Of course the influence of religion is responsible for the exceptions granted to clergy, Robert. It's certainly not the doing of irreligious folk or the secular state institutions.
You said: "The civil justice system failed."
That is nonsense. These outcomes are not the results of failure but of intent. The legislatures did not sit down and say, "How can we design mandated reporting laws that include all professionals that have contact with children?" Then, after it was all done and signed into law for the last four decades, somebody slapped his forehead and said, "Jeepers! We overlooked the clergy!"

No, they are the results of the influence of religion on lawmakers and on the religious voters who put them into office. Clergy are every bit as prominent in their communities as the teachers, doctors, and lawyers who must report, but only the clergy are granted privileged exceptions from reporting. That is no accident. That is no failure.

That is corruption and it is real. You have ignored this aspect since the beginning of our exchange. As I said: reporting exceptions are still granted to clergy even in Massachusetts today, even in the wake of what Cardinal Law and his predecessors did, even after they got away with it for over sixty years, even after the law was changed specifically because of what they did. But the law wasn't changed enough to prevent a similar cover-up of child sexual abuse from ever happening again and from such a cover-up still being perfectly legal.

Would you call that quite intentional loophole another "failure" of the state? Or do you think the Church would support a law that makes confessions and "similar religious communications" subject to mandated reporting?

Gallup: read this summary of mandatory reporting requirements for child abuse

Robert: Which you conveniently neglect to admit goes on for 5 paragraphs about exceptions and limitations. 

Take it from the top, Pinocchio!  "I've got no strings..."

It says in two-thirds of the states, the statutes specify circumstances under which child abuse is a reportable offense irrespective of the defendant’s relationship to the victim.

None of the five paragraphs of exceptions and limitations describe priests as being granted an exception from being child abusers the way you claim they are, so you're falsely accusing me of omitting information as though I am being misleading.

The information amounts to exactly what I said it does: priests can commit child abuse in those states. Falsely attacking my honesty does not reverse our positions and make your statement true and me the liar, although it does entertainingly reinforce your now self-associated satirical nickname.

Priests can commit sexual battery, gross sexual imposition, contributing to the delinquency of a minor, etc.  We are talking legal definitions here, and "child abuse" has a different legal meaning than colloquial meaning in many jurisdictions.

Yes and in two-thirds of US states priests can commit child abuse, based on the legal meanings of child abuse statutes in those states.

Gallup: The reports may be made public (unless a judge says otherwise) but the information in the reports may be provided to police and child welfare agencies confidentially. The employee may figure it out, but then it's up to the employee to prove the employer went to the police or child protection agency.

Robert: No, that's not the way it works.  The childrens' services agency only has jurisdiction as defined by law, and only childrens' service agencies have legally mandated protections for reporters.   For any crime outside the jurisdiction of childrens' service agencies, like rape, law enforcement agencies have sole responsibility, and in the ordinary criminal justice system those are public records because defendants have a right to confront their accusers.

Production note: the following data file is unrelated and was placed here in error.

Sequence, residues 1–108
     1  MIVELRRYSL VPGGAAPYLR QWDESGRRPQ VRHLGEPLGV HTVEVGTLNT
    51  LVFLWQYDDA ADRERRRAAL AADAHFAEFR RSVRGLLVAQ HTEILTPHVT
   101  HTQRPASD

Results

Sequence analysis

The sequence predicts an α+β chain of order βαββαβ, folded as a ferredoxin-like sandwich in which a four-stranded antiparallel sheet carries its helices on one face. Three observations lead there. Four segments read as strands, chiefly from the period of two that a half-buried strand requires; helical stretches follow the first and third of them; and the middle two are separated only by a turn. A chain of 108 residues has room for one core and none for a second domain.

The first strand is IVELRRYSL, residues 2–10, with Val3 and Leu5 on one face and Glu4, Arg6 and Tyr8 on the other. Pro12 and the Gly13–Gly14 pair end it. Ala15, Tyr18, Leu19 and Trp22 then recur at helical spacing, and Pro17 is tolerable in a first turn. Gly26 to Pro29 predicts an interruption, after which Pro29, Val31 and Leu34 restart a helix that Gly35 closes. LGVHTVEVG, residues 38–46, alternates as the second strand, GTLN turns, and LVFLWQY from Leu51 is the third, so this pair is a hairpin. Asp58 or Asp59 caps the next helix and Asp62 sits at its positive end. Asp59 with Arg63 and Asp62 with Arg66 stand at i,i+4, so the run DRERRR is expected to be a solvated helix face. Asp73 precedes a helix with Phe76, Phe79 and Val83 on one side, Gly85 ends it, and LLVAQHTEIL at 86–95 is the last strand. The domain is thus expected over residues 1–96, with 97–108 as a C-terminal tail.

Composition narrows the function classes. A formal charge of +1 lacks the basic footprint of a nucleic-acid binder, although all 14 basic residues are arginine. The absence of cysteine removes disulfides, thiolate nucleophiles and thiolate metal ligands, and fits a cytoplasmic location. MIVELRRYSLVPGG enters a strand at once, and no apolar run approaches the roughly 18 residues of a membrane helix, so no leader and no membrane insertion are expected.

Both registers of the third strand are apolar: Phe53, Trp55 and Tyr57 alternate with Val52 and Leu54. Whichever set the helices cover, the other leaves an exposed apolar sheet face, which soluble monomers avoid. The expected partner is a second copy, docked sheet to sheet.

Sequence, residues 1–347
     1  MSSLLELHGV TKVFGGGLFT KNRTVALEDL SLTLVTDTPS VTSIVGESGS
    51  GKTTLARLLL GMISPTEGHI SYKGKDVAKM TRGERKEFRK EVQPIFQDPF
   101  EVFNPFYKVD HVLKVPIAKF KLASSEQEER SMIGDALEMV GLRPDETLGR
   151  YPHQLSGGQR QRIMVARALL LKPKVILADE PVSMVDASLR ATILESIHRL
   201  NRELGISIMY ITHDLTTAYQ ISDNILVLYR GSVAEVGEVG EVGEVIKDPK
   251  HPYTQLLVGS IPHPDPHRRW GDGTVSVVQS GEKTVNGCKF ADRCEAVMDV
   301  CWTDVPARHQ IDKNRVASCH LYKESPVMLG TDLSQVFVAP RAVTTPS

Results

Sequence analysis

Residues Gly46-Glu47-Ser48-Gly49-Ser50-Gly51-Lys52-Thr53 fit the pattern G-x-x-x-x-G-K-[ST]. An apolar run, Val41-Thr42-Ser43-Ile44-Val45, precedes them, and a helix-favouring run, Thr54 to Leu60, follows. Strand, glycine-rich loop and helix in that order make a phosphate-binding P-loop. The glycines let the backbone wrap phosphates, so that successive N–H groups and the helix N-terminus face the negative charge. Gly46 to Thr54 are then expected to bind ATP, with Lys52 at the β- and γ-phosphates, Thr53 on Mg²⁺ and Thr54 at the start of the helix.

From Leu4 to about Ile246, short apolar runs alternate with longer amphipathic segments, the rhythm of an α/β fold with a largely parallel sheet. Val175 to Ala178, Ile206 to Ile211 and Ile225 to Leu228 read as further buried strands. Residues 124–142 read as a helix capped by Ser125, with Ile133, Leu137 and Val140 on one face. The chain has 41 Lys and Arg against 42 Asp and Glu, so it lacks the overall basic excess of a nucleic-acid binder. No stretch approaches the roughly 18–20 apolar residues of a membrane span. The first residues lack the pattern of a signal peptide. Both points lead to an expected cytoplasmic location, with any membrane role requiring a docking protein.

Yes, that's exactly the way it works. Anyone except a mandated reporter can report child abuse anonymously (see #11) and mandated reporters have legal protections against liability suits. A defendant has the right to confront his accusers and the evidence against him if he is brought to trial, not if he is under investigation by the police.

What Bernard Law did was horrendous, but according to the chief law enforcement official of the state it was not provably illegal.  So if you're mad that he's not in jail, blame the state.  If you're mad that he's an ass, blame him.

What is truly irrational is to blame a worldwide church community who happened to share his religious philosophy.  That worldwide church community is what "Catholic Church" means

Example 1: A man tells his psychiatrist during a therapy session that he raped a child, the psychiatrist does not report it, and the child is raped again. The psychiatrist is partly responsible for the rape of that child. Under the law in Massachusetts right now this a crime.

Example 2: A man tells his priest (or rabbi, or minister) during a confession (or religious counselling session) that he raped a child, the clergyman does not report it, and the child is raped again. The clergyman is partly responsible for the rape of that child. Under the law in Massachusetts right now this is NOT a crime.

Why do think that is, Robert? I'll tell you why. If they made confession and religious counselling reportable, then legions of religious crackpots like you would raise no end of outrage about the intrusion of the state into the realm of their imaginary God. Therapy of mind? Reportable. Therapy of magic? Secret. That's why the clergy has still got its loopholes. And what's a little thing like child rape compared to the value of your hocus-pocus?

What is truly irrational Robert is that you wilfully ignore these obscene double standards in the law, which have existed for decades, and have applied (and still apply) to clergy alone. Instead you vomit the utter falsehood that the privileged legal status of clergy are the result of failures of the secular state, rather than desired products of the enormous influence that your worldwide religions intentionally have upon that state.